I like to think of life like a pendulum.
It swings from an extreme on one end straight through the middle to another extreme on a second end. And back and forth it goes …
Most things in life swing like this.
When applying this thinking to the stock market, there’s one industry in particular that embodies a pendulum — SPACs, or special purpose acquisition companies. So on today’s new episode of MoneyLine, we dive into the world of SPACs and look at how these stocks swung from one extreme earlier this year to the exact opposite extreme today.
Coming into 2021, SPACs were the hottest investment vehicle in years. Forty-seven definitive agreements were announced in the fourth quarter of 2020 — up from only six during the first quarter of the same year — and another 94 were announced in the first quarter of 2021.
In February alone, 44 definitive agreements were announced … but that’s when the investment theme topped out. Since then, the pendulum has swung from euphoria to misery and panic.
That may sound like bad news, but it’s quite the opposite.
This insanely violent swing in sentiment toward SPACs has created a fantastic buying opportunity. And in today’s podcast, I begin a multi-part special in which I identify SPACs that have swung from heroes to zeroes in a matter of months.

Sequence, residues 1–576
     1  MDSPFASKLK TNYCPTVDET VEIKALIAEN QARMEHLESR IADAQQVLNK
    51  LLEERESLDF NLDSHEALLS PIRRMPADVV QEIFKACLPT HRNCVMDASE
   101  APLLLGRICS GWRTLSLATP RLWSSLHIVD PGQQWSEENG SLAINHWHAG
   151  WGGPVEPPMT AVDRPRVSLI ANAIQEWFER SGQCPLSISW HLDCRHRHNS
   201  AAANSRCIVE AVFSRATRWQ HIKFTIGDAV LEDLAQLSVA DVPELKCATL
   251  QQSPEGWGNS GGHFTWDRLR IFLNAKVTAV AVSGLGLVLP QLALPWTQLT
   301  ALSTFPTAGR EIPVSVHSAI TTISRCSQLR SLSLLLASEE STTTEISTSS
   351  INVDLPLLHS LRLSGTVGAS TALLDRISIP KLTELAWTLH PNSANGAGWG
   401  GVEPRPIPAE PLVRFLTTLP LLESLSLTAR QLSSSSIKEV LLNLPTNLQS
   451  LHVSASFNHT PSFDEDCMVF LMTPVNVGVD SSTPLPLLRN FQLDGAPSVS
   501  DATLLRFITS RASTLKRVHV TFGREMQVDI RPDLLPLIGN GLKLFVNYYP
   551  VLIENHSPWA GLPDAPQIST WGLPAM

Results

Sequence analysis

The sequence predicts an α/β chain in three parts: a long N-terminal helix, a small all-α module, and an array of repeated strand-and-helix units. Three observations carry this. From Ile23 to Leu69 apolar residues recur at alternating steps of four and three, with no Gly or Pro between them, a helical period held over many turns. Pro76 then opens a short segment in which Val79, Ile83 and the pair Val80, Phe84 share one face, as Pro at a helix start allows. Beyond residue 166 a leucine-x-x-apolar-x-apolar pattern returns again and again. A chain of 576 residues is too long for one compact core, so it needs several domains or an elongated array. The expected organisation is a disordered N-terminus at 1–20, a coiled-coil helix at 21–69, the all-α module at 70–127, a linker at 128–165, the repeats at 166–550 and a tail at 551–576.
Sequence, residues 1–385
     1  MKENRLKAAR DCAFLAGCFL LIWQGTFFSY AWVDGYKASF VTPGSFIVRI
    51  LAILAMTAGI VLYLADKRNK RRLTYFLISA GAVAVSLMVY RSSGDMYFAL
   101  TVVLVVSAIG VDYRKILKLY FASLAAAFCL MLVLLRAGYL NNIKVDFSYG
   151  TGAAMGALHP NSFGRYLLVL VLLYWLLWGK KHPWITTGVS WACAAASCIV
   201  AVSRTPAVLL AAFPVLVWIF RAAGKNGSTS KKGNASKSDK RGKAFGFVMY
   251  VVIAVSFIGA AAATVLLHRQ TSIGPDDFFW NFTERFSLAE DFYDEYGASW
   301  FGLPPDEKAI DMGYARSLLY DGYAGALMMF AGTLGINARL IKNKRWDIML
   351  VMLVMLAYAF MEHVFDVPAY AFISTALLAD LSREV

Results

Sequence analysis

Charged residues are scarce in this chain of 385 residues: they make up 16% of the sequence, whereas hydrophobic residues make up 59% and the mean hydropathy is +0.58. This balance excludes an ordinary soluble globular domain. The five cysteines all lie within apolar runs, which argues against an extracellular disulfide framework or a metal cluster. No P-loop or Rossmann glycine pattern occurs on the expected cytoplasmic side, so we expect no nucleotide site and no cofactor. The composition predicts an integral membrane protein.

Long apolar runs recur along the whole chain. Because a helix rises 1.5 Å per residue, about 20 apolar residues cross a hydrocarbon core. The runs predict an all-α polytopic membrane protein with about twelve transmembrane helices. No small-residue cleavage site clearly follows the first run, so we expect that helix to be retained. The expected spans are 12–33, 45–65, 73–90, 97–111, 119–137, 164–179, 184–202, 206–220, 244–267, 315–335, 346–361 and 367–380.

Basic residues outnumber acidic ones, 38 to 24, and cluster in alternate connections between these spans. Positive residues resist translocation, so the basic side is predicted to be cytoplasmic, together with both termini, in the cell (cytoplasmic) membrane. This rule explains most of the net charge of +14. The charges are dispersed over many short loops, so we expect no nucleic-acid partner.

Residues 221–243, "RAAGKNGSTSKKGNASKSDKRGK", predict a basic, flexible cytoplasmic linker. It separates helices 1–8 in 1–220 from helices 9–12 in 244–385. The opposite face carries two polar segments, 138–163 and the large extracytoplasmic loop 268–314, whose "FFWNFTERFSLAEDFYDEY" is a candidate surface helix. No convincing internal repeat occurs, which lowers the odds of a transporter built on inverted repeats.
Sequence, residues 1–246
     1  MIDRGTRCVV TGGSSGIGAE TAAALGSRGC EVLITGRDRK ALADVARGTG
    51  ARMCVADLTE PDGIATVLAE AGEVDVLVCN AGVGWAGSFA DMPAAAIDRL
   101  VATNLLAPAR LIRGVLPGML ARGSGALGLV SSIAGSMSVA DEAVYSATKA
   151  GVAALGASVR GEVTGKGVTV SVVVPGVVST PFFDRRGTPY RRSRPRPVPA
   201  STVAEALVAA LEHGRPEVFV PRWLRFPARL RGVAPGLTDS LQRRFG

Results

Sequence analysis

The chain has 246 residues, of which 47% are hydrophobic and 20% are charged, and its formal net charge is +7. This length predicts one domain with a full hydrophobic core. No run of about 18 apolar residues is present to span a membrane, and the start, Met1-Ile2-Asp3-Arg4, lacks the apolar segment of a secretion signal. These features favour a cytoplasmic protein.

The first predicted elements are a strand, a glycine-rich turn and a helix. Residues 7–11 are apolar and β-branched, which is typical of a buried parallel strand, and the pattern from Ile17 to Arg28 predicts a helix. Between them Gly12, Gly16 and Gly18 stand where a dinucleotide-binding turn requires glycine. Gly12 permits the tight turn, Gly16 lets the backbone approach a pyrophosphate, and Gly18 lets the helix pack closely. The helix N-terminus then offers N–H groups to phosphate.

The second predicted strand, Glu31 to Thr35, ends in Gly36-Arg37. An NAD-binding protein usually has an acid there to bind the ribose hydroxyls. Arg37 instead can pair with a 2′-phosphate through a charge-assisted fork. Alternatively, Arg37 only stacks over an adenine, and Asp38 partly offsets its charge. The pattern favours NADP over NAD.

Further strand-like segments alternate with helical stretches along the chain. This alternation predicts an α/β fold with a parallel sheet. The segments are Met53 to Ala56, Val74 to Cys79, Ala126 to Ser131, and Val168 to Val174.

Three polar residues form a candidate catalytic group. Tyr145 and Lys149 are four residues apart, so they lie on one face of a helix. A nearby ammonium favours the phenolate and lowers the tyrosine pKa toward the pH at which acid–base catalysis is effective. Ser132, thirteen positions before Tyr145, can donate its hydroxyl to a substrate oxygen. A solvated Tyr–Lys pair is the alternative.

As a contrarian, I consider this the perfect time to pounce on the right opportunity.
In the first part of this special, I dive into three FinTech SPACs that have pulled back dramatically from recent highs. Two have direct ties to cryptocurrencies and are a way for investments to gain access to the booming sector.
Then there is one of my favorite long-term disruptor trends — the future of real estate. The home buying process is changing overnight, and there are some very interesting companies that are going public via SPACs that you don’t want to ignore.
Finally, I’ll share the highlight of my day. Topps — a maker of sporting collectibles — announced just this morning that it will go public via a SPAC. Be sure to watch today’s show to get my initial thoughts on the deal and why it could be a cool play on cryptos.
It’s all this and more on MoneyLine.
On the date of publication, Matthew McCall did not have (either directly or indirectly) any positions in the securities mentioned in this article.
Matthew McCall left Wall Street to actually help investors — by getting them into the world’s biggest, most revolutionary trends BEFORE anyone else. Click here to see what Matt has up his sleeve now.